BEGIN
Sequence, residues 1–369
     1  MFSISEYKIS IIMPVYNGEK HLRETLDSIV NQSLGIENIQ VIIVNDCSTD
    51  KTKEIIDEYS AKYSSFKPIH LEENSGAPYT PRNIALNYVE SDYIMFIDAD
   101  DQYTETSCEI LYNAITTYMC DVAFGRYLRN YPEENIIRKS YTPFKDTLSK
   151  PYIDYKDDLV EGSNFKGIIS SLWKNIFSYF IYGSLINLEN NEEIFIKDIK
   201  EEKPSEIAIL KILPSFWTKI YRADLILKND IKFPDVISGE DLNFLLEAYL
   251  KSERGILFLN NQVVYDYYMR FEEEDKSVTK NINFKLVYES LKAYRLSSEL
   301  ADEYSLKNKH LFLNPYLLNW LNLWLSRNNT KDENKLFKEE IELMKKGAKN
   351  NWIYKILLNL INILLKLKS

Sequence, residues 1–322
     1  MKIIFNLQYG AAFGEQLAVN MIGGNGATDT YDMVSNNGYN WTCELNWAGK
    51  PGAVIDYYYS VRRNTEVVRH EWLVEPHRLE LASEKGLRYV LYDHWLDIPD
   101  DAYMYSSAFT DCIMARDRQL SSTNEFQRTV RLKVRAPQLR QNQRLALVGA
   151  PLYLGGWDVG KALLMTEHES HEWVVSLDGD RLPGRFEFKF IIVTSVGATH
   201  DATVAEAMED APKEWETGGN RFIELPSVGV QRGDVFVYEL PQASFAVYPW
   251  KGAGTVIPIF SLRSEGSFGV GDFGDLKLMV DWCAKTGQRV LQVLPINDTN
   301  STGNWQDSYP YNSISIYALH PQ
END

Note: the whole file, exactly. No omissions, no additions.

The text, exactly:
Sequence, residues 1–369
     1  MFSISEYKIS IIMPVYNGEK HLRETLDSIV NQSLGIENIQ VIIVNDCSTD
    51  KTKEIIDEYS AKYSSFKPIH LEENSGAPYT PRNIALNYVE SDYIMFIDAD
   101  DQYTETSCEI LYNAITTYMC DVAFGRYLRN YPEENIIRKS YTPFKDTLSK
   151  PYIDYKDDLV EGSNFKGIIS SLWKNIFSYF IYGSLINLEN NEEIFIKDIK
   201  EEKPSEIAIL KILPSFWTKI YRADLILKND IKFPDVISGE DLNFLLEAYL
   251  KSERGILFLN NQVVYDYYMR FEEEDKSVTK NINFKLVYES LKAYRLSSEL
   301  ADEYSLKNKH LFLNPYLLNW LNLWLSRNNT KDENKLFKEE IELMKKGAKN
   351  NWIYKILLNL INILLKLKS

Sequence, residues 1–322
     1  MKIIFNLQYG AAFGEQLAVN MIGGNGATDT YDMVSNNGYN WTCELNWAGK
    51  PGAVIDYYYS VRRNTEVVRH EWLVEPHRLE LASEKGLRYV LYDHWLDIPD
   101  DAYMYSSAFT DCIMARDRQL SSTNEFQRTV RLKVRAPQLR QNQRLALVGA
   151  PLYLGGWDVG KALLMTEHES HEWVVSLDGD RLPGRFEFKF IIVTSVGATH
   201  DATVAEAMED APKEWETGGN RFIELPSVGV QRGDVFVYEL PQASFAVYPW
   251  KGAGTVIPIF SLRSEGSFGV GDFGDLKLMV DWCAKTGQRV LQVLPINDTN
   301  STGNWQDSYP YNSISIYALH PQ